Racecar

SDN's dream: Use what you've got, not what you're promised

Is hardware turning soft? Yes, if you listen to IT vendors. Companies such as Oracle are investing in Software Defined Networking (SDN) — turning features that were once hardware into apps or part of the networking layer or running as apps on servers. I've recently written about the problems and promises of SDN and find the …
Trevor Pott, 08 Jun 2015

Why voice and apps sometimes don't beat an old-fashioned knob

Internet of Lawnmowers I recently gave the Internet of Things (IoT) a good look. I talked about geofencing and the communications technologies of the IoT, but now I think it's time to talk about nightmares. Specifically, I want to talk about my wife's "you need Lastpass for your smart house" IoT nightmare. It's the reason I'm not allowed to buy a …
Trevor Pott, 28 May 2015
Battlestar Galactica's Commander Adama

Make Adama proud: Connect your Things wisely, cadet

Internet of Lawnmowers Last time I explored the concept of geofencing, and how low-power technologies are used both to create "virtual walls" and to create beacons. This time, I’m going to take a look at the individual technologies that Internet of Things (IoT) devices will use to communicate for the next several years. Infrared Infrared beacons are …
Trevor Pott, 27 May 2015
Chinese fence

Geofencing: The ultra-low power frontier for the Internet of Things

Internet of Lawnmowers How are the next 10 billion devices going to connect to the internet of today, tomorrow? Having all of these gizmos talk to one another over your standard 2.4Ghz Wi-Fi is not going to happen, so how will all those gizmos connect to the wider internet, and how will we keep them all safe, happy and updated? The internet of things …
Trevor Pott, 26 May 2015
spok

It's the end of life as we know it for Windows Server 2003

Windows Server 2003 will pass out of Microsoft support on July 14, 2015. Different organisations report different numbers, but all agree that there are millions of Server 2003 servers still running in the wild. Microsoft says there are 11 million Server 2003 servers still running. Gartner says eight million. Several internet …
Trevor Pott, 18 May 2015

Adjustments will be needed to manage the Macs piling up in your business

As discussed in the first part of this series, Macs are everywhere. Despite their presence in businesses large and small, managing Macs in the enterprise still is not easy. A few years ago I gave Apple in the enterprise a look, and sadly, things haven't changed too much since then. Managing Macs in an organisation is really not …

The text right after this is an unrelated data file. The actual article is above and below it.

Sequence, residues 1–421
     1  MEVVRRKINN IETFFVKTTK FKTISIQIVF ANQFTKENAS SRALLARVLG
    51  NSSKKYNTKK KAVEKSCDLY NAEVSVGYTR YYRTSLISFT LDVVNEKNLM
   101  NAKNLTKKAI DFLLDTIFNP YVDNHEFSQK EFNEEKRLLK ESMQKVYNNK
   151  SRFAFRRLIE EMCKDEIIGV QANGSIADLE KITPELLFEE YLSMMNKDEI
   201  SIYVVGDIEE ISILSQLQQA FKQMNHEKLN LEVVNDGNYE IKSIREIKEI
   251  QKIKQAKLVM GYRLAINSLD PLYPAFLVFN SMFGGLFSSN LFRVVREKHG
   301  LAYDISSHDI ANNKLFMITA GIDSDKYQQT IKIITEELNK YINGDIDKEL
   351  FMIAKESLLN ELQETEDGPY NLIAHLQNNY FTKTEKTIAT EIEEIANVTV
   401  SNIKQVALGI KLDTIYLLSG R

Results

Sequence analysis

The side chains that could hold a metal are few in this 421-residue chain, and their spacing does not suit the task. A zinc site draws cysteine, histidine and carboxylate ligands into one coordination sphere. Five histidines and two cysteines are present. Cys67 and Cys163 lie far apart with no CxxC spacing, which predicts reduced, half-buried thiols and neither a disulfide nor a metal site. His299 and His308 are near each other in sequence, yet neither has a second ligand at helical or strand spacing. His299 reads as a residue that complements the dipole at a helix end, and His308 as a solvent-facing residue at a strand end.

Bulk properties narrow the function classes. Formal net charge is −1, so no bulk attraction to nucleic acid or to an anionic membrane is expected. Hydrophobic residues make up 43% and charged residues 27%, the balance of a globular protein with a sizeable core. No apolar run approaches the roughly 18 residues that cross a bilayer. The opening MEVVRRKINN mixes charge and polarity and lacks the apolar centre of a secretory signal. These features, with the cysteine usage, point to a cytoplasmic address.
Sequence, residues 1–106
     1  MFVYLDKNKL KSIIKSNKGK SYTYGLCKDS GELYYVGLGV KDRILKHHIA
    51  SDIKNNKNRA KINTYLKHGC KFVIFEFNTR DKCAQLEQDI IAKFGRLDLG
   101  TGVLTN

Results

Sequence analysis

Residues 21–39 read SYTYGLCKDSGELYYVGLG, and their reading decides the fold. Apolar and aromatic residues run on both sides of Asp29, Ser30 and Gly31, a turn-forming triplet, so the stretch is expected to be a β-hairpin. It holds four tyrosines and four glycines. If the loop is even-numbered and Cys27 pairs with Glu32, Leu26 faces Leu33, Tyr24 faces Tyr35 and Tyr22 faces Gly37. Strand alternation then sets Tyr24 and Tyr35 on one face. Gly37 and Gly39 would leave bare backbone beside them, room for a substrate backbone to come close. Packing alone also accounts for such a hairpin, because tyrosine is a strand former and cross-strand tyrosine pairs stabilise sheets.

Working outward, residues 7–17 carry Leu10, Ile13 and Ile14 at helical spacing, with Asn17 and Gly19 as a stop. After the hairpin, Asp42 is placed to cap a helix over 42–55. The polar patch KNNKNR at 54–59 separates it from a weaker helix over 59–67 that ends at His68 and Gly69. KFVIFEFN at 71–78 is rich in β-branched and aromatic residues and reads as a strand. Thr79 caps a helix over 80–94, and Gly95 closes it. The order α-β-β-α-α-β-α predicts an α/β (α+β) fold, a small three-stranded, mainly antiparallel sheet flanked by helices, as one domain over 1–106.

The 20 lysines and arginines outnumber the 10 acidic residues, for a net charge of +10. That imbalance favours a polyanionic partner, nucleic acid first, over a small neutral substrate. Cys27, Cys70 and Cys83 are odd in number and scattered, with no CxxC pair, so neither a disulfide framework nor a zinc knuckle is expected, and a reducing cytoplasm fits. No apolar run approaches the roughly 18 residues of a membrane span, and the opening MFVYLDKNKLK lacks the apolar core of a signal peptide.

Trevor Pott, 15 May 2015
management project3

Scale Computing: Not for enterprise, but that's all part of the plan

Review: Scale Computing makes hyper-converged appliances targeted at small and medium-sized businesses (SMB). When you think of headline names for hyper-convergence – EVO:Rail, Nutanix, SimpliVity – you don't tend to think of "SMB". VMware-based name-brand hyper-convergence tends to be in the $150,000+ range, while Scale starts …
Trevor Pott, 12 May 2015
Windows Server

Don't panic as Server 2003 rushes towards end of life

It is time to upgrade. In about a month Server 2003 will receive its farewell set of patches and reach the end of its officially supported life. You have been putting off the upgrades. I have been putting off the upgrades. With the weekends left to do this quickly evaporating, what's the checklist? Making a single checklist for …
Trevor Pott, 08 May 2015

Flash banishes the spectre of the unrecoverable data error

Those who follow storage developments know that there are concerns about the viability of RAID systems. Rebuild times are so long that the chances of an unrecoverable read error (URE) occurring are dangerously high. What is true for traditional disk, however, is not necessarily true for flash. Now that traditional magnetic …
Trevor Pott, 07 May 2015
High-altitude snap from Dave Akerman's Cloud 7 payload

Microsoft Azure – or how to make the public cloud work for you

Review Public cloud computing offers the tantalising promise of elastic computing, but few IT practitioners know what it means, let alone how to make it work for them. My job is to know this stuff, the new and cutting edge of IT. I need to know it to educate my clients, but also because I get paid to write about it. I have worked …
Trevor Pott, 07 May 2015

Facebook's Open Compute could make DIY data centres feasible

DIY vs COTS: Part 2 Last time I looked at the PC versus console battle as a metaphor for DIY versus Commercial Off the Shelf (COTS) data centres, and touched on the horrors of trying to run a DIY data centre. Since 2011, however, we've had the Open Compute Project, initiated by Facebook. The ideal is some kind of industry-standard data centre, with …
Trevor Pott, 07 May 2015

Hyper-convergence? I believe – just not like this

There's a horrible, horrible thing I get asked at least three times a week: "What is hyper-convergence?" This is like an icepick into my soul, because I consult with almost all of the current hyper-convergence vendors in one form or another and the truth is, “hyper-convergence” is a meaningless marketing term as wishy-washy and …
Trevor Pott, 04 May 2015
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One bit to rule them all? Forget it – old storage types never die

Block storage, file storage and object storage are all frequently bandied about terms in the storage world. They are fundamentally different, and yet inextricably intertwined. Choosing the right storage today means understanding the differences between these different storage classes, and how they can be made redundant and/or …
Trevor Pott, 01 May 2015